"Is there programmed cell death among single-celled organisms? The answer gets caught up in a question of semantics between a cell choosing to die and being forced to die. But some forms of programmed death are found in unicellular organisms, including bacteria. The death of the mother cell during sporulation, the process in which spores are created, could be considered a kind of programmed cell death. Certain parasites, such as trypanosomes (which cause malaria), change form to elude the immune response from their host; the laggards who o fail to undergo the change will die off in a kind of cellular altruism.
"Another parallel example occurs among slime molds, such as Dictyostelium discoideum, a species at the interface between unicellular and multicellular organisms. These animals spend most of their lives as unicellular amoebae. But, when starved, the cells aggregate and meld into a single 'slug' that migrates and eventually forms a funguslike structure, consisting of a stalk topped by a ball of spores. The spores disperse in search of a more hospitable environment. The stalk cells do not reproduce, so in a sense they sacrifice themselves. In most single-celled organisms (particularly bacteria), it is not clear whether cell death follows the same pattern or biomolecular mechanisms as the apoptosis that occurs in higher organisms.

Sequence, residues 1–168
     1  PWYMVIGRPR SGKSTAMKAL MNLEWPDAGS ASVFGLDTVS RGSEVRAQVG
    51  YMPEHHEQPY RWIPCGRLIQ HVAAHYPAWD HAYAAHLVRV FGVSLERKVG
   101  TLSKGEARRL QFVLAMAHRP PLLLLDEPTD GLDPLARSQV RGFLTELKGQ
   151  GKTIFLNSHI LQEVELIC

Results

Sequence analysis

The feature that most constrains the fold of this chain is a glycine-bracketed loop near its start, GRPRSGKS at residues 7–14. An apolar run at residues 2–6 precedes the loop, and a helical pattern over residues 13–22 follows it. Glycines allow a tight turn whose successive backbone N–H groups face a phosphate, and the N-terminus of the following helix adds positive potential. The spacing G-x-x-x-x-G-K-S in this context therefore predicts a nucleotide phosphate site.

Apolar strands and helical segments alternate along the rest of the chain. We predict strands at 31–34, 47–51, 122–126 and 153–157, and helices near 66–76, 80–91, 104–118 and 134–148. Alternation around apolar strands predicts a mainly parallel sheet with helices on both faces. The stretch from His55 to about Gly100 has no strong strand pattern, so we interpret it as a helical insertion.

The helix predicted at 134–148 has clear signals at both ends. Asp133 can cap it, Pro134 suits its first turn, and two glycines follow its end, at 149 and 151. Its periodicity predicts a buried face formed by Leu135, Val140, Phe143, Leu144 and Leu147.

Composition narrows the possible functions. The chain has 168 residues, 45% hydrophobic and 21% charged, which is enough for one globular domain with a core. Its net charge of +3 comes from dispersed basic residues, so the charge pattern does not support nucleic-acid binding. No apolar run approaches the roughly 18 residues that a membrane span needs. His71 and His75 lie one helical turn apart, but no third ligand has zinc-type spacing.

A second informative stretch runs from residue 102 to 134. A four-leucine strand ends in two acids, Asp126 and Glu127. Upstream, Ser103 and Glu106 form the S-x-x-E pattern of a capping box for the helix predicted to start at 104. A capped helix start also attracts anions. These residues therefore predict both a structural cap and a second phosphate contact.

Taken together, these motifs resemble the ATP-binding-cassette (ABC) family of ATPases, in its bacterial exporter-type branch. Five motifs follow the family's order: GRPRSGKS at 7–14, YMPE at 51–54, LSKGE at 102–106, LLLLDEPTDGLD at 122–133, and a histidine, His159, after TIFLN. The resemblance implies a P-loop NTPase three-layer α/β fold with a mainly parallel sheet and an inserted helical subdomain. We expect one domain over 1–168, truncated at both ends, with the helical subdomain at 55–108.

"One highly unusual form of cell death occurs in cells infected by certain plasmid viruses that instruct the host cell to create two chemicals: a long-lived toxin and an unstable antidote. During replication, about 1 percent of the cells lose the parasitic plasmid in their DNA; the daughter cells still contain the toxin but can no longer manufacture the antidote, so they die. This is a rare instance of cellular murder rather than suicide.